The candle flickered as his right arm swept out sideways, a gesture that reminded her of a picnicker fending off a wasp. He turned and stared at the flame, the planes of his face cut from granite.
‘You know that Max has nightmares,’ he said.
‘Have you slept at all? You were so tired.’
‘A few more hours wouldn’t hurt.’ He tucked his hands under his arms. ‘I’ll go back to bed now, if you’re OK.’ He continued to stare at the candle. ‘Unless you’re still nervous. I can stay.’
The silence was as long and taut as the moment just before the starting gun, when you were poised to shatter the water.
‘Zach, I’m not—’
‘Do you really think I need to force myself on a girl? Or want to?’
Laura nearly made a false start, but checked herself. The penalty was disqualification. She shifted towards the wall, then lifted the upper corner of the duvet. ‘If you stop jumping to conclusions, I’d like you to stay. I want both of us to sleep without nightmares. There are enough of those lurking underwater.’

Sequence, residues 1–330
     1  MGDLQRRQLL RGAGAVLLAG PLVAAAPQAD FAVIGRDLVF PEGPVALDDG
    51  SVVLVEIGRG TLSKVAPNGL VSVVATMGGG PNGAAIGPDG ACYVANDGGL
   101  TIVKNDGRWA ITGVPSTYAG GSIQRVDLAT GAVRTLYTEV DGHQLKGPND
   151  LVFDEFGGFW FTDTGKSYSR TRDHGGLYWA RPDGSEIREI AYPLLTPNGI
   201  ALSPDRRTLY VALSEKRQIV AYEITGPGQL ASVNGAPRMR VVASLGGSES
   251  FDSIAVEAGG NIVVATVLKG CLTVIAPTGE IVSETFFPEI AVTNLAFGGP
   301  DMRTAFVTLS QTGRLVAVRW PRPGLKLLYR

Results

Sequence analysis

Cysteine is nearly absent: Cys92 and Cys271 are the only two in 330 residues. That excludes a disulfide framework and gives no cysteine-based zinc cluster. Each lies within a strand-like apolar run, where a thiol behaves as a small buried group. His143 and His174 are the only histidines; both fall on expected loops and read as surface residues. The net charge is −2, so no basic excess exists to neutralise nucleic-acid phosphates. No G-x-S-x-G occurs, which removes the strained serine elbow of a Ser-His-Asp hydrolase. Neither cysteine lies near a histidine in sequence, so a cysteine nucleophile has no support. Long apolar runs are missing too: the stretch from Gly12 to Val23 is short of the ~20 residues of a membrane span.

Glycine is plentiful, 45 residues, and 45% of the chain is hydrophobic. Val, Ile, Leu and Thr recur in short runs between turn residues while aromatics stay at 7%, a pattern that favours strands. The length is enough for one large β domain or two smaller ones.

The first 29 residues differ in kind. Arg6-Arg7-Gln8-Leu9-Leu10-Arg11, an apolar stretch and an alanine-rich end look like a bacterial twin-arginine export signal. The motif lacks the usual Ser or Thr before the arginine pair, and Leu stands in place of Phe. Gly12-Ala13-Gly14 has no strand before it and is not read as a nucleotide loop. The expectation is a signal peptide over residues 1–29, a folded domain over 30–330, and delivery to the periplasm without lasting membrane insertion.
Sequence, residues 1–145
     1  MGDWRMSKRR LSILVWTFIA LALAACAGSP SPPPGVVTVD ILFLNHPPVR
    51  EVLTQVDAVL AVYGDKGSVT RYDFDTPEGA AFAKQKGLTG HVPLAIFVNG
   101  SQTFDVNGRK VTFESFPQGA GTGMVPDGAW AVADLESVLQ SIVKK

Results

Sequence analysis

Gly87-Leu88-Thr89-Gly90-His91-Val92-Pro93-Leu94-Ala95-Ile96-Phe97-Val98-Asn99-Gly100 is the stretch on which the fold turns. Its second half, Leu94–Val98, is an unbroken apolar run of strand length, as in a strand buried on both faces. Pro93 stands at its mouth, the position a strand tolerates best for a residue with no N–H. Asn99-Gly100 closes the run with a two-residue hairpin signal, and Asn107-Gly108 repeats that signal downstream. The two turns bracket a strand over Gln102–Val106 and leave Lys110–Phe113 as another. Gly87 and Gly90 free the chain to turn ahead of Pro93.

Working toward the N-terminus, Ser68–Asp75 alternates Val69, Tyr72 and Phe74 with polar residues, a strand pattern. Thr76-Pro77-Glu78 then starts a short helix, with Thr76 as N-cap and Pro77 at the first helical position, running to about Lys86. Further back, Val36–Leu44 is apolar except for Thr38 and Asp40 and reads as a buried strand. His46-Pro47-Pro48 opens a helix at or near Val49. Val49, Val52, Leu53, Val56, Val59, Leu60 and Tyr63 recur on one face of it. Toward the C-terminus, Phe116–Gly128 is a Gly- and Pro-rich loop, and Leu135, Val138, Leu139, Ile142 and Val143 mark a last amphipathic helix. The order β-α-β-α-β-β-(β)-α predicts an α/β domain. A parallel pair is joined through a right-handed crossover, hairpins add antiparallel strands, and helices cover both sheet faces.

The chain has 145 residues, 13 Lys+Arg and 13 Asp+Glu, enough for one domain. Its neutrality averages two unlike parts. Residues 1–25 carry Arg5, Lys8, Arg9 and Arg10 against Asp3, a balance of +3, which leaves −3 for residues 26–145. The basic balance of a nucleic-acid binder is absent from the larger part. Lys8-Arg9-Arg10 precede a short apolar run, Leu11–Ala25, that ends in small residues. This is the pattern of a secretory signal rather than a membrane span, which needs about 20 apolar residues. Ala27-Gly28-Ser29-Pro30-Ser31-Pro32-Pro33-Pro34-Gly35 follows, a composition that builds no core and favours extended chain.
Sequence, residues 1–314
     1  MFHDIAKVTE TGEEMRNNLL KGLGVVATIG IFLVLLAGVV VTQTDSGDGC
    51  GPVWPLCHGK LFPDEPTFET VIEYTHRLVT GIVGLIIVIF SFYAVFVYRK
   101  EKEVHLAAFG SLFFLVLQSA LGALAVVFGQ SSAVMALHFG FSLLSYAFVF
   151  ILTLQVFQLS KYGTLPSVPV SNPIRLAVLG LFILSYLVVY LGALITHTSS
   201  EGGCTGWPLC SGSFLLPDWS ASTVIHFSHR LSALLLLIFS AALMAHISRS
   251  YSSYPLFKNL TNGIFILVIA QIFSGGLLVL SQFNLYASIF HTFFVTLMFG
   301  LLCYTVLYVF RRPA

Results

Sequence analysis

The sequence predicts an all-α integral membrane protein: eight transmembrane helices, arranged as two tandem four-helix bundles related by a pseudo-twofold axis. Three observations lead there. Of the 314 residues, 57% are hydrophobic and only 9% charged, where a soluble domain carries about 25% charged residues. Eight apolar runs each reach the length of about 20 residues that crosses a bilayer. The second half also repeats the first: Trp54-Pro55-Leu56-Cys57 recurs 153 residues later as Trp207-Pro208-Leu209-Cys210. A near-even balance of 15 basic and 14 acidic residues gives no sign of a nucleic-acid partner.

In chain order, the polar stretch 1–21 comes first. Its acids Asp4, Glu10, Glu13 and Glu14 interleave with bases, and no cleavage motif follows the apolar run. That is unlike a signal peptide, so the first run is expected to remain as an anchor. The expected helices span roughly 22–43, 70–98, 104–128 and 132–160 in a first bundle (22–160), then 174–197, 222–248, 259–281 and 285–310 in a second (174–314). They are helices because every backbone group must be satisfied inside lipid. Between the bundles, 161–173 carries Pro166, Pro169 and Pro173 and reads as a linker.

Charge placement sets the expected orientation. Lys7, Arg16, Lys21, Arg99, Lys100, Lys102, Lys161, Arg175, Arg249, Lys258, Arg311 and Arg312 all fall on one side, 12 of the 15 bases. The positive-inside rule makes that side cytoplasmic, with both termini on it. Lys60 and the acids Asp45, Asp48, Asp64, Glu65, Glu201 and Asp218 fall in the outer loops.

‘Never mind. Just blow out the candle and come to bed.’
When Laura woke, her first thought was of snow. The light was so milky that she couldn’t tell if her eyes were clouded by sleep or the snowstorm. She raised herself off her pillow to look out the window and only then remembered that Zach was next to her. Only then saw him gazing at her, his eyes warm and newlaid.
‘Morning,’ she said. Cleared her throat. ‘Morning,’ which came out stronger.
He was looking at her with a small child’s look—direct, without artifice, and utterly disconcerting, as if he knew more about you than you yourself. Yet at the same time as unlike a child as she could imagine.
‘Are you sorry?’ Zach asked softly.
‘About being here.’ His long fingers moved over the duvet. ‘About running off with me.’
‘I haven’t run off with you.’ She leaned closer. ‘But if you keep looking at me like that, I might.’
He closed his eyes, but she could still see them.
‘I’m not sorry,’ she said.
She bent forward. Though her lips barely skimmed his eyelids, she could feel them tremble.
When he looked at her again, pressure bloomed in her chest as though she’d been caught in an undertow, unable to surface for air. She struggled to breathe evenly, for her diaphragm had tightened in foreboding; muscle memory.
‘You’re very aroused,’ she said.